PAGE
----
- A Month Calendar
- A Task list
- Daily Logs
- 2 Page Spreads for project planning
Even this basic iteration of the Bullet Journal is much more of a complete productivity system than The Pomodoro Technique. It allows you to schedule tasks in the future with the two calendars, review the tasks you’ve done by logging them and plan projects which often produce the tasks we need to do.
A calendar is the most commonly used productivity tool in the workplace. Most people don’t use a to-do list or a timer, but almost everyone uses a calendar. Why? Ignoring that most companies expect you to use them, they are just so valuable. Trying to remember all the appointments and future tasks without one would be a disaster.
The task list and daily log give you a place to record thoughts and ideas you might want to act on. Without one, what are you going to do with that brilliant idea? Try to remember it? We all know how that goes.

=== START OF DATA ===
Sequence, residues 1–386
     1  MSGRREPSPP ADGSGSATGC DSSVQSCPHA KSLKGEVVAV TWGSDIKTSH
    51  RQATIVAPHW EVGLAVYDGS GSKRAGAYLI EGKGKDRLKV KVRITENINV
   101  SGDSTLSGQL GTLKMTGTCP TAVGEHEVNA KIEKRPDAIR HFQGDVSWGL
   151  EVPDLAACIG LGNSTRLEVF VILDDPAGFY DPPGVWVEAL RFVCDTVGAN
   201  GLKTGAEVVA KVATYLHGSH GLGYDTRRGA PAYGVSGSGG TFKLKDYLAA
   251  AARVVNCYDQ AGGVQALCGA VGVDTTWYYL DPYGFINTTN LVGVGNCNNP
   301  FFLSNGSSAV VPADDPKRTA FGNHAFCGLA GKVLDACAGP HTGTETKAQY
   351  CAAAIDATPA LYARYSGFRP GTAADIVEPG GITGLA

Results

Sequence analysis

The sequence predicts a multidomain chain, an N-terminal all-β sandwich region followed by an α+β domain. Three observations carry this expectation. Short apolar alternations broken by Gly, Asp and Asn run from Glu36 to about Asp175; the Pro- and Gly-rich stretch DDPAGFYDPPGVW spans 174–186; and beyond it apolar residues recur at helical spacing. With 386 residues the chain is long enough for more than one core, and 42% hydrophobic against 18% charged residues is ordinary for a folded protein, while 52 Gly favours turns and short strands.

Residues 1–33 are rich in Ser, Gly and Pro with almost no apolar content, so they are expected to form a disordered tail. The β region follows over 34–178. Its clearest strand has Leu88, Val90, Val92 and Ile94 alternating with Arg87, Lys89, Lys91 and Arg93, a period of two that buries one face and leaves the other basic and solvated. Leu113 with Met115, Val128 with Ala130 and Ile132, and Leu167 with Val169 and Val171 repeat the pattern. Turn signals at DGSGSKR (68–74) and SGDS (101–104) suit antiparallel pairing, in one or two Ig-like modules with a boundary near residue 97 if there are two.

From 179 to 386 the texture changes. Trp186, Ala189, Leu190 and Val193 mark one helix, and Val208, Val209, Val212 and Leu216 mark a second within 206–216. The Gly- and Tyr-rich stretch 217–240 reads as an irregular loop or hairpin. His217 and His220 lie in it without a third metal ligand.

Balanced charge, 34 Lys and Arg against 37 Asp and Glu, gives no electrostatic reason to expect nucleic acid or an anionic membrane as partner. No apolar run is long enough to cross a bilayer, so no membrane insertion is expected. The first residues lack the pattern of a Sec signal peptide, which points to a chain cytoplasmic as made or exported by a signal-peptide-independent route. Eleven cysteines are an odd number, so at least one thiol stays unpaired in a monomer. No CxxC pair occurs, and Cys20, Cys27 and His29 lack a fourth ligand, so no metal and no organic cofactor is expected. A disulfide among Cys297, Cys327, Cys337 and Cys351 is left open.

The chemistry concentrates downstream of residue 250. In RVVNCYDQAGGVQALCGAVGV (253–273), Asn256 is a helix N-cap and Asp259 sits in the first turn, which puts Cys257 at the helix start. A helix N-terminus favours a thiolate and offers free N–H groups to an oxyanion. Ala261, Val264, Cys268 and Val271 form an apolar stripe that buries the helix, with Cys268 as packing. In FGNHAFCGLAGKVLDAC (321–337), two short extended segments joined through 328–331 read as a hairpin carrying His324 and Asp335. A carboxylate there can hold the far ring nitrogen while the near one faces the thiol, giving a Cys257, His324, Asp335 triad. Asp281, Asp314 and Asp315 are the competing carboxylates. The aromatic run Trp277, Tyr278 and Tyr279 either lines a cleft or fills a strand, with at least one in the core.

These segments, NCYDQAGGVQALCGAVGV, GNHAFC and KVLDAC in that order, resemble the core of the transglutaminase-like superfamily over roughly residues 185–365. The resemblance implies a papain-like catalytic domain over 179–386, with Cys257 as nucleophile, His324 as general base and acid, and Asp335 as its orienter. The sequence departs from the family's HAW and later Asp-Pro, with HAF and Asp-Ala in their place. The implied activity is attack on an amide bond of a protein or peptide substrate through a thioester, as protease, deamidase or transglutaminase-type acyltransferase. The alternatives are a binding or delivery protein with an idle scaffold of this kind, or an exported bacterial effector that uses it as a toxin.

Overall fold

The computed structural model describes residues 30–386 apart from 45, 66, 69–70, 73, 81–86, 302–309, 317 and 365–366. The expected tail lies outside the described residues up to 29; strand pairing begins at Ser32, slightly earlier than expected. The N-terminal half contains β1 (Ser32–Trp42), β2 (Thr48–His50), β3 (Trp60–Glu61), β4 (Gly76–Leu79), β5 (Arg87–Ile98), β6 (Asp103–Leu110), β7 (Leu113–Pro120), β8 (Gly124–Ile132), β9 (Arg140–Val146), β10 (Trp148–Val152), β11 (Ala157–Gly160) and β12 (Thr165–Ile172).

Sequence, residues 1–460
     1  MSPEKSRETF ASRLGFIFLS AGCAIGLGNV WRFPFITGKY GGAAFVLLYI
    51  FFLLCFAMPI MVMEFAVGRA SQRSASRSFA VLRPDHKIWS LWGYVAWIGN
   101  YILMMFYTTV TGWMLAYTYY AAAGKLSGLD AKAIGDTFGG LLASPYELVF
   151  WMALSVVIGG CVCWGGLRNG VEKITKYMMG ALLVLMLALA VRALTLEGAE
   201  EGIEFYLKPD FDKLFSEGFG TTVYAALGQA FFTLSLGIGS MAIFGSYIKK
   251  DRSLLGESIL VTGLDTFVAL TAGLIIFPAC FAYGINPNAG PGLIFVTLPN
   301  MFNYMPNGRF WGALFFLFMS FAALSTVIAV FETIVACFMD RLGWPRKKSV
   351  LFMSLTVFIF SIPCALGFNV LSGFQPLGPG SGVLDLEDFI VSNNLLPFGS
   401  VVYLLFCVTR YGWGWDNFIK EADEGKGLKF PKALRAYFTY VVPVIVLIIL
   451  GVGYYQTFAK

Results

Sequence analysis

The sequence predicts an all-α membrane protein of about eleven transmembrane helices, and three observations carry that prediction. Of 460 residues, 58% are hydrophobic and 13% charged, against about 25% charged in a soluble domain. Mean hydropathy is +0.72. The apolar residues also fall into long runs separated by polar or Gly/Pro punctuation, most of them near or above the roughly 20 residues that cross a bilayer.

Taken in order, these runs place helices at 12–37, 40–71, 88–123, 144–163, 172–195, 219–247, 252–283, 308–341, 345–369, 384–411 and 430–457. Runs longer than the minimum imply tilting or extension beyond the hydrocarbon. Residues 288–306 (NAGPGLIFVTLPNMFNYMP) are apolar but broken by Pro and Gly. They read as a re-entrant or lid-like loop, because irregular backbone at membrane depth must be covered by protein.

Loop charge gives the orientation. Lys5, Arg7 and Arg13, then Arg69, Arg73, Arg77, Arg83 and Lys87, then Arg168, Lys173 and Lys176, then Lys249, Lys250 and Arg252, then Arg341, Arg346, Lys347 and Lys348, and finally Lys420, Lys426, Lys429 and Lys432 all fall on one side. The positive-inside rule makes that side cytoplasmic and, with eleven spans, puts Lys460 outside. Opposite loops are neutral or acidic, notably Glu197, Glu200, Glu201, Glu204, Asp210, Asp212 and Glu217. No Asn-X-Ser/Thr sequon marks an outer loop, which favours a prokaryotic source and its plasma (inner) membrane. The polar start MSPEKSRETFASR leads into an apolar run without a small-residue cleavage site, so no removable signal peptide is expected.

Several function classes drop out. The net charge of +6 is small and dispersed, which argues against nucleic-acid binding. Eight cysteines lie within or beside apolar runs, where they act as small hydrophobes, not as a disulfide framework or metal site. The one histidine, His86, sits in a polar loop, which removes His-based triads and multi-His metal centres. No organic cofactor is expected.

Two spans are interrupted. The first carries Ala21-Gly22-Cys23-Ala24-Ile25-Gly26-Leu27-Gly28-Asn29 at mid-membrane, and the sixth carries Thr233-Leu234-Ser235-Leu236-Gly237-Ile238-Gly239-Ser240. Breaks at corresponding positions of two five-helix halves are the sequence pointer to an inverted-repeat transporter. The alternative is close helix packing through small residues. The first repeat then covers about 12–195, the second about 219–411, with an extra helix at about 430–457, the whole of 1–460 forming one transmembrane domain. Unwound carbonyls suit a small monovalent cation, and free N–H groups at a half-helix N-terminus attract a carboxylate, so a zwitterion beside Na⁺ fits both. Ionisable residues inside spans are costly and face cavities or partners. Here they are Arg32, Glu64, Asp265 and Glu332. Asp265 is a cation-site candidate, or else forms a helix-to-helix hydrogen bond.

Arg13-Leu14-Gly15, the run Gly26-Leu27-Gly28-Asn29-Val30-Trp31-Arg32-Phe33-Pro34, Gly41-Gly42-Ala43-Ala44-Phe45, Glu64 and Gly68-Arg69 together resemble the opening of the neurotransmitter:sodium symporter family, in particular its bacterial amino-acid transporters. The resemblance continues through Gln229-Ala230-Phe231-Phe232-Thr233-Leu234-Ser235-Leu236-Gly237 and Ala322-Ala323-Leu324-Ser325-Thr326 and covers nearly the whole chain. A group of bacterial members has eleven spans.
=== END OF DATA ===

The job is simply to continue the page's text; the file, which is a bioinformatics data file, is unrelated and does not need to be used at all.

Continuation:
The space and freedom to brainstorm and plan a project on a two-page spread is one of the reasons people feel less stress when they bullet journal. A trip to Japan, for example, is a big project to plan with lots of moving parts. Writing all your ideas about locations, train journeys, and budgeting in one place and then organizing them into a coherent plan gives you a strong sense of control.
- You need a calendar
- Task list
- Project Planning
GTD – “If I capture and process everything, I’ll get more done.”
When it comes to time management and productivity tools, GTD (Getting Things Done) is a different kind of beast. Instead of focusing on one part of the productivity pie, like time management (Pomodoro Technique) or task management (bullet journal), GTD is a system that incorporates every aspect of your life into one extensive design.
For true GTDers, everything is filtered through the system, their meals, their choice of car, their plans for retirement, where to store old letters, everything.
If you want to be genuinely self-aware and align your goals and beliefs with everything you do, GTD is perhaps the only option. The downside, of course, is that there is a lot to learn and maintain.
Rather than go through the entire GTD system here, I will pick out the core parts that David Allen recommends.